single or two double quotes
x='This is a string'
x="This is a string"
y='1.234' # create a string with value ‘1.234’
y=1.234 # create a real number with value 1.234
z='x=1' # create a string with value ‘x=1’
type conversion functions
string to integer
>>> int(‘32’)
32
>>> int(3.999)
3
>>> int(-2.3)
-2
>>> int('Hello')
ValueError: invalid literal for int() with
base 10: 'hello'
>>> int('3.999')
ValueError: invalid literal for int() with
base 10: '3.999'
Help(int)
>>>help(int)
Help on class int in module __builtin__:
class int(object)
| int(x[, base]) -> integer
|
| Convert a string or number to an integer, if possible. A floating point
| argument will be truncated towards zero (this does not include a string
| representation of a floating point number!) When converting a string, use
| the optional base. It is an error to supply a base when converting a
| non-string. If base is zero, the proper base is guessed based on the
| string content. If the argument is outside the integer range a
| long object will be returned instead.
Type conversion functions
string to float
>>> float(‘32’)
32.0
>>> (‘3.14159’)
3.14159
>>> int(float(‘3.999’))
3
class float(object)
| float(x) -> floating point number
|
| Convert a string or number to a
floating point number, if possible.
type conversion functions
‘blah’ to complex
>>> complex(32)
(32+0j)
>>> complex(‘3.2’)
(3.2+0j)
>>> complex(3+j)
NameError: name 'j' is not defined
>>> complex(3+0j)
(3+0j)
>>> complex(3+1j)
(3+1j)
>>> complex(‘3+j’)
(3+1j)
>>> complex(‘3+0j’)
(3+0j)
>>> complex(‘3+1j’)
(3+1j)
Output Statements
>>>
>>>
1
>>>
>>>
>>>
1 2
>>>
The
x = 1
print(x)
x=1
y=2
print(x,y)
print("The value of x is", x, "and y=",y)
value of x is 1 and y=2
Input Statement
>>> x = input("Enter the value of x:”)
(The computer will stop and wait)
>>> print("The value of x is ",x)
>>> x = input("Enter the value of x:")
(You enter "Hello")
>>> print("The value of x is ",x)
The value of x is Hello
Input Statement
Convert input string to float
temp = input("Enter the value of x: ")
x=float(temp)
print("The value of x is ",x)
x = float(input("Enter the value of x: "))
print("The value of x is ",x)
Python 3 v.s. Python 2
Include following statement in your code
from __future__ import division, print_function
• Division return a floating value
– 3/2  1
– 3/2  1.5
– 4/2  2
– 4/2  2.0
# python 2
# python 3
# python 2
#python 3
• Print is a statement
– print "The energy is ", E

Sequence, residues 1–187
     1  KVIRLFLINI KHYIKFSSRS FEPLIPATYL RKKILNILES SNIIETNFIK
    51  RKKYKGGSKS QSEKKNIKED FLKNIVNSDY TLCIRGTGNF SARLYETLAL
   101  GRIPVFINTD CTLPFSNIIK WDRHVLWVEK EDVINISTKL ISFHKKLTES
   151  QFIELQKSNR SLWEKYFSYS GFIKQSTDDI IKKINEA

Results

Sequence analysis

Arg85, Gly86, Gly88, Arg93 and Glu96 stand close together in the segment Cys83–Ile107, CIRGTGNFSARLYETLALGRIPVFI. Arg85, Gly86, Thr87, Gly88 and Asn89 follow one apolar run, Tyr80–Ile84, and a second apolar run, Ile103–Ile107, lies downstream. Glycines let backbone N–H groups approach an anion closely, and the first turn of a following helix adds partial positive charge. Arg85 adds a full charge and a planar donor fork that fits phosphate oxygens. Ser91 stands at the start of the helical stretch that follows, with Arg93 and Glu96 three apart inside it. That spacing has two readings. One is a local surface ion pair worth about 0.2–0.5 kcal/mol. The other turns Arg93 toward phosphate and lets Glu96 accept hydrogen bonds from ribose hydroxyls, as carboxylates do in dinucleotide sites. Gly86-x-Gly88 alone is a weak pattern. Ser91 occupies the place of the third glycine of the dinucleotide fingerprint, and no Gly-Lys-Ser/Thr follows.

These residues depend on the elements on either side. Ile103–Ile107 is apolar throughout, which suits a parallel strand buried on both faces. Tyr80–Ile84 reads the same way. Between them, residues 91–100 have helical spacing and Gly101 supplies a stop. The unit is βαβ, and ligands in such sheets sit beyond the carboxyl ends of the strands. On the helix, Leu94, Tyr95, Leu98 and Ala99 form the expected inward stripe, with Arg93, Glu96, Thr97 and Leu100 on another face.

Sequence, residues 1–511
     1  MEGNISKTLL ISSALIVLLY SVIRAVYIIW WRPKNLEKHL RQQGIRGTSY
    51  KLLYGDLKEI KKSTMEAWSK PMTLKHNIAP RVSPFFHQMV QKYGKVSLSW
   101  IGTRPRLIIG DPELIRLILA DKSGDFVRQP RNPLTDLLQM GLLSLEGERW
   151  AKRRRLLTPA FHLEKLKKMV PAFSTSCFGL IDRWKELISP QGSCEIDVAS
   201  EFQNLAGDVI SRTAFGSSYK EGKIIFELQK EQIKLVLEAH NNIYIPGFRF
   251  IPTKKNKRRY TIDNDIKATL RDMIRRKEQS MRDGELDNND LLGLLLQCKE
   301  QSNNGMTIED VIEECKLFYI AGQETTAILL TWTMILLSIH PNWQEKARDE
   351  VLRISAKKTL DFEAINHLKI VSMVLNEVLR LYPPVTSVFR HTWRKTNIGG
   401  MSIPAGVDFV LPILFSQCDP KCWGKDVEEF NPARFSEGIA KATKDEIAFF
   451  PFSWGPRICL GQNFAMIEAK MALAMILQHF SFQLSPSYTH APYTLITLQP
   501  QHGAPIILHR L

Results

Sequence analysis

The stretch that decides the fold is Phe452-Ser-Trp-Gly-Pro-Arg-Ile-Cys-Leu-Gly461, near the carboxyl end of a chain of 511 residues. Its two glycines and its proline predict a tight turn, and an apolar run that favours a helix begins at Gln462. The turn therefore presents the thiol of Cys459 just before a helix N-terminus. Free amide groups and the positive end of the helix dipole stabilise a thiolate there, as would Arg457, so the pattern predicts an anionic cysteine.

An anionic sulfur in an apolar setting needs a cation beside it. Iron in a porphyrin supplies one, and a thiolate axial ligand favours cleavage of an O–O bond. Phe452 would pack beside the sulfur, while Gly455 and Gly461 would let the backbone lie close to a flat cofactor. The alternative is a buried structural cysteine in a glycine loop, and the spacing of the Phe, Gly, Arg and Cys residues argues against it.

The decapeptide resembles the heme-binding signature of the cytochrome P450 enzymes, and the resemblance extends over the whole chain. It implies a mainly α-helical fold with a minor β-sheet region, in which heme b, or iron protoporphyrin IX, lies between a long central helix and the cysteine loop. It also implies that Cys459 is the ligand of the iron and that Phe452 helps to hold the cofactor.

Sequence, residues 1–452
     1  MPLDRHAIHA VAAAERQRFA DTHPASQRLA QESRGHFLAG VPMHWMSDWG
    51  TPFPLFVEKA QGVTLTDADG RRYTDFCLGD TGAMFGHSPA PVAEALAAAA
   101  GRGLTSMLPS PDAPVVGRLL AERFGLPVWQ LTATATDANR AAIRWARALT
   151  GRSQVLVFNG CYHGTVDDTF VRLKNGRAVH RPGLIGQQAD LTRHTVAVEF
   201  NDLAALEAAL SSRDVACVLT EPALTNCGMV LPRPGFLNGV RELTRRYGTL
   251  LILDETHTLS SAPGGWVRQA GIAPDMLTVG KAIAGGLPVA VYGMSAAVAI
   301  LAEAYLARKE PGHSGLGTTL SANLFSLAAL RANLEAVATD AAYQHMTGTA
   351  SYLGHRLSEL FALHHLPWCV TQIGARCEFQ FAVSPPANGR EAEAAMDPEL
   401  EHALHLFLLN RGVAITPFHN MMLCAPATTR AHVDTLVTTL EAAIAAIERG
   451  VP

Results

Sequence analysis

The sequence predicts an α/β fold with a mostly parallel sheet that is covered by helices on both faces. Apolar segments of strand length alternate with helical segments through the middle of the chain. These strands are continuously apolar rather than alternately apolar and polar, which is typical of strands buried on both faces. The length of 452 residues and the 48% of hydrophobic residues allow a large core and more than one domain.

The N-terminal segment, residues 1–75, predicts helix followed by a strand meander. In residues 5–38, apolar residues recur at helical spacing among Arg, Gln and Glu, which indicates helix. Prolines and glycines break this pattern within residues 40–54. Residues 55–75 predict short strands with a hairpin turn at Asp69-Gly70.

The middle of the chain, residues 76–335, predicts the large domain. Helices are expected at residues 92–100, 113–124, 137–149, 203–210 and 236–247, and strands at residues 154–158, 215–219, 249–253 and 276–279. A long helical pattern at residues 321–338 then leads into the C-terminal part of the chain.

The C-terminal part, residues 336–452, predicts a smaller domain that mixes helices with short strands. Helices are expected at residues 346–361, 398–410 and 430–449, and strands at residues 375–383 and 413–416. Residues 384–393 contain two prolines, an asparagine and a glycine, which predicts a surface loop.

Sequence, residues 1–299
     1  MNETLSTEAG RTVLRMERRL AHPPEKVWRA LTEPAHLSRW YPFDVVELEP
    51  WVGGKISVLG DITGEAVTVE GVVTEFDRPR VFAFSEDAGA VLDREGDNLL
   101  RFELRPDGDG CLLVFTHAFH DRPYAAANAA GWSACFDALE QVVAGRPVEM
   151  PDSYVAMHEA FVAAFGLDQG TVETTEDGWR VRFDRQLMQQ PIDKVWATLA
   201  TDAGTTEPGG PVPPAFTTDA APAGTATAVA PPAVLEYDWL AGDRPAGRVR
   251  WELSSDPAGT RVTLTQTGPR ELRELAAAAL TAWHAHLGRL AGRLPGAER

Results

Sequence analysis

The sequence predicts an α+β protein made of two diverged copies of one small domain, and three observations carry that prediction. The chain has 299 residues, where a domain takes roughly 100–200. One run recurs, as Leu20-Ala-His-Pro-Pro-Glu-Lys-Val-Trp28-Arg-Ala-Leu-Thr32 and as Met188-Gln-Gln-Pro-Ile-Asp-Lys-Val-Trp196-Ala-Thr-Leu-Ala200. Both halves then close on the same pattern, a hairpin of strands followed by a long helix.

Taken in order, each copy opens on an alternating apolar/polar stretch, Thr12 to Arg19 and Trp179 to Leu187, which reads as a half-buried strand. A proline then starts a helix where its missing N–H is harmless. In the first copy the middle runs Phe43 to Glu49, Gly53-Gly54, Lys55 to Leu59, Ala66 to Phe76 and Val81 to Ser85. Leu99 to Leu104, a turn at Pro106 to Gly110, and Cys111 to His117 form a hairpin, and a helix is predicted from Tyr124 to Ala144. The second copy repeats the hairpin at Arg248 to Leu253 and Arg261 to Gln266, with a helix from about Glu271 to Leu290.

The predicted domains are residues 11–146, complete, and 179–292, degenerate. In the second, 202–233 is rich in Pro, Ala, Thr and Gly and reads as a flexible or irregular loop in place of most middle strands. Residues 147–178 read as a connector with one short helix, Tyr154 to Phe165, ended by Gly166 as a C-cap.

– print("The energy is ",E)
# python 2
# python 3
Python 3 v.s. Python 2
• Input returns a string
– In Python 3 the input function always returns a
string
– x=input()
– you enter ‘2.5’
– type(x)  <type ‘float’>
# python 2
– type(x)  <type ‘str’>
# python 3
– x=raw_input()
– type(x)  <type ‘str’>
# python 2
Python 3 v.s. Python 2
• Iterators v.s. List
– range(10)  [0,1,2,3,4,5,6,7,8,9] # python 2
– range(10)  range(0,10) # python 3
– list(range(10)) [0,1,2,3,4,5,6,7,8,9] # python 3
– x = [1,2,3]
– map(log,x)  [0.0, 0.69…, 1.09…] # python 2
– map(log,x)  <map object at …> # python 3
– list(map(log,x))  [0.0, 0.69…, 1.09…] # python 3
“x=a+b” is an assignment statement!
• x = 1
–x  1
• x = x+1
– x  x+1
– temp = x+1
– x=temp
• x = x**2 – 2
– x  x**2 - 2
Python Modifiers
• x += 1
–x = x + 1
• x -= 4
–x = x - 4
• x *= -2.6
– x = x*(-2.6)
• x /= 5*y
– x = x / (5*y)
• x //= 3.4
– x = x // 3.4
Assignment of Multiple Variables
• x, y = 1, 2.5
–x = 1
– y = 2.5
• x, y = 2*z+1, (x+y)/3
– temp1 = 2*z+1
– temp2 = (x+y)/3
– x = temp1
– y = temp2
Assignment of Multiple Variables
You can interchange of values of two variables
• x, y = y, x
– temp = y
–y = x
– x = temp
Try: A ball dropped from a tower
• Write a program to ask the user to enter h the
height of the tower and a time interval t, then
prints the height of the ball above the ground
at time t after it is dropped.
A ball dropped from a tower
Simple version
h = float(input(“Enter the height of the tower: "))
t = float(input("Enter the time interval: "))
s = 9.81*t**2/2
print("The height of the ball is", h-s, "meters")
To make it more readable
g = 9.81
s = g*t**2/2
Another ball dropped from a tower
• A ball is dropped from a tower of height h
with initial velocity zero. Write a program that
asks the user to enter the height in meters
and the calculates and prints the time the ball
takes until it hits the ground.
Functions, Packages, & Modules
>>> from math import log
>>> x = log(2.5)
log(...)
log(x[, base])
Return the logarithm of x to the given base.
If the base not specified, returns the natural
logarithm (base e) of x.
math—Mathematical Functions
from math import *
Functions:
• log
• log10
• exp
• sin, cos, tan
• asin, acos, atan
• sinh, cosh, tanh
• sqrt
Constants:
• pi
• e
Try: Converting polar coordinates
• Get the user to enter the value of r and θ
• Convert those values to Cartesian coordinates
• Print out the results
Converting polar coordinates
from math import sin, cos, pi
r = float(raw_input("Enter r: "))
d = float(raw_input("Enter theta in
degrees: "))
theta = d*pi/180
x = r*cos(theta)
y = r*sin(theta)
print("x= ",x, "y= ",y)
Comment Statements
from math import sin, cos, pi
# Ask the user for the values of the radius and angle
r = float(input(“Enter r: “))
d = float(input(“Enter theta in degrees: “))
# Convert the angle to radians
theta = d*pi/180
# Calculate the equivalent Cartesian coordinates
x = r*cos(theta)
y = r*sin(theta)
print(“x= “,x,”y= “,y) # Print out the results
Multiline \
1+2\
3
help
>>> help(sum)
Help on built-in function sum in module __builtin__:
sum(...)
sum(sequence[, start]) -> value
Returns the sum of a sequence of numbers (NOT
strings) plus the value of parameter 'start' (which
defaults to 0). When the sequence is empty, returns
start.
Branching
Boolean expressions
>>>5 == 5
True
>>>5 == 6
False
>>>type(True)
<type ‘bool’>
>>>type(False)
<type ‘boo’>
Relational Operators
x
x
x
x
x
x
== y
!= y
> y
< y
>= y
<= y
#
#
#
#
#
#
x
x
x
x
x
x
is
is
is
is
is
is
equal to y
not equal to
greater than
less than y
greater than
less than or
y
y
or equal to y
equal to y
Logical Operators
• and
• or
• not
>>> 3>1 and 3>2
True
>>> 3>1 or 3<2